One of Ørsted's offshore wind installations. (Image credit: Ørsted)
While many companies today seek to align their operations with the imperatives of strong environmental, social and governance (ESG) performance, some firms put the ESG stake in the ground long ago. One of these is renewable energy giant Ørsted.
It was a surprising turn of events back in 2009 when Ørsted, formerly Dong Energy, was a thriving business almost entirely dependent on oil, gas and coal. The company began transitioning to renewable energy in 2010 and has since gone from being one of the most coal-dependent companies in Europe to transitioning its portfolio almost entirely to renewables.
The story of how that happened is one of multiple pressures, Ida Krabek, senior director and head of sustainability at Ørsted, told TriplePundit. “We could see the whole momentum around the climate building up and that our legacy business was under pressure. Our top management recognized that the future of energy was renewable energy and that to maintain a profitable business, we had to reconsider how we made our money,” Krabek said.
“There was also civil society pressure, including environmental protests against a new coal-fired power plant we were planning in Germany. And there was regulatory pressure, as the European Union began to launch regulation to tackle climate change,” she continued. “All of this was a very clear sign that the context we were operating under was changing.”
Today, Ørsted’s vision is a world that runs entirely on green energy. The company develops, constructs, and operates offshore and onshore wind farms, solar farms, energy storage facilities, renewable hydrogen and green fuels facilities, and bioenergy plants. Ørsted is recognized on the CDP Climate A List as a global leader in climate action and was the first energy company in the world to have its net-zero emissions target validated by the Science Based Targets initiative (SBTi).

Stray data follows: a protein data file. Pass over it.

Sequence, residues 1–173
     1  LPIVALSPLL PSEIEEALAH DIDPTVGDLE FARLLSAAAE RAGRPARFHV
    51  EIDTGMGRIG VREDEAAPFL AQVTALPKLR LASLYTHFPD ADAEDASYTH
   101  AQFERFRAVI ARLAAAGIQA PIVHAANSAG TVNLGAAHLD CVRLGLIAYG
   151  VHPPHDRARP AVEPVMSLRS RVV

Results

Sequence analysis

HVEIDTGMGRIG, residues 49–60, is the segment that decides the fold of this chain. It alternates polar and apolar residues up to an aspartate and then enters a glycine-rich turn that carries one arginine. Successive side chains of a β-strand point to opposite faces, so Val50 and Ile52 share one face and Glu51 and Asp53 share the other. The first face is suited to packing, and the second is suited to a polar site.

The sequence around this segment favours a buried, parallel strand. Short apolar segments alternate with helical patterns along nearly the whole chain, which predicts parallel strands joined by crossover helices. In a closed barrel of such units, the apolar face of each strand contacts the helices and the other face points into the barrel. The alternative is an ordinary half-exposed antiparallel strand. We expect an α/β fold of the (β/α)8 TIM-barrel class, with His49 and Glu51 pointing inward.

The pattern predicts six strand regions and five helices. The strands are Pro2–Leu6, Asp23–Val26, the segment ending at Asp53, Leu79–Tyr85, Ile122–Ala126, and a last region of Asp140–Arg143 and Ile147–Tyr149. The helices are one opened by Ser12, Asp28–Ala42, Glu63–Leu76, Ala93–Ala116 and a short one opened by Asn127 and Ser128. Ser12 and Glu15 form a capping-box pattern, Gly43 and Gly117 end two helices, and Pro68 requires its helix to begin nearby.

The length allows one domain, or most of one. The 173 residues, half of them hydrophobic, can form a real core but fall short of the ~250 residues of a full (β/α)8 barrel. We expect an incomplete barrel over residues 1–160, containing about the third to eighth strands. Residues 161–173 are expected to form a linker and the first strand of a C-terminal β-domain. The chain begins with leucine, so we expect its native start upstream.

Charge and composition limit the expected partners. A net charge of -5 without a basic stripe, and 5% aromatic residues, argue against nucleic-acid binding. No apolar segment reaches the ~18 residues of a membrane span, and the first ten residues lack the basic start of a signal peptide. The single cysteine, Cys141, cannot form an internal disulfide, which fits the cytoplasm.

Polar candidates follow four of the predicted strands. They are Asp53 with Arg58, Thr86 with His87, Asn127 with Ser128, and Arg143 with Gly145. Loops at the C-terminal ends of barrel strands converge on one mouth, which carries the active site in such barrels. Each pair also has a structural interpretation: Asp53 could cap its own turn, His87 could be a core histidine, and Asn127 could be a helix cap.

The company has set ambitious targets, including reaching net-zero across the value chain (Scopes 1, 2 and 3) and a 90 percent reduction in absolute emissions (Scope 3, from gas sales) by 2040. In the shorter term, the company is looking to cut Scope 1 and 2 emissions intensity by 98 percent by 2025, using a 2006 baseline.
Though net-zero by 2040 may seem a tall order for an energy company, Krabek said the company is on track to meet the target. This is even in light of the Danish government ordering the company to postpone the shutdown of three coal units last year to help guarantee the country’s energy security.
“This has not been an easy journey,” Krabek told us. “It has required that we set a long-term vision for the company and stick to it to build the internal momentum and to have a suite of actions year on year that bring us in the right direction.”
Buy-in from C-level has been a consistent factor. “Our CEO and top management have stayed firm in the belief that this was the right direction for the company, and that has helped to build organizational focus and support over the years,” she added.
Embedding sustainability into governance structures
Another integral part of the company’s journey was ensuring that ESG objectives were integrated into corporate governance. Ørsted is working to ensure sustainability is embedded across all relevant parts of its operating model so that, as the company describes it in its 2022 Sustainability Report, “every colleague, every decision and every business development pull toward the same ambition.”
The company has three interrelated strategic pillars to ensure sustainability is integrated: decision-making and accountability; competencies and governance; and culture and leadership.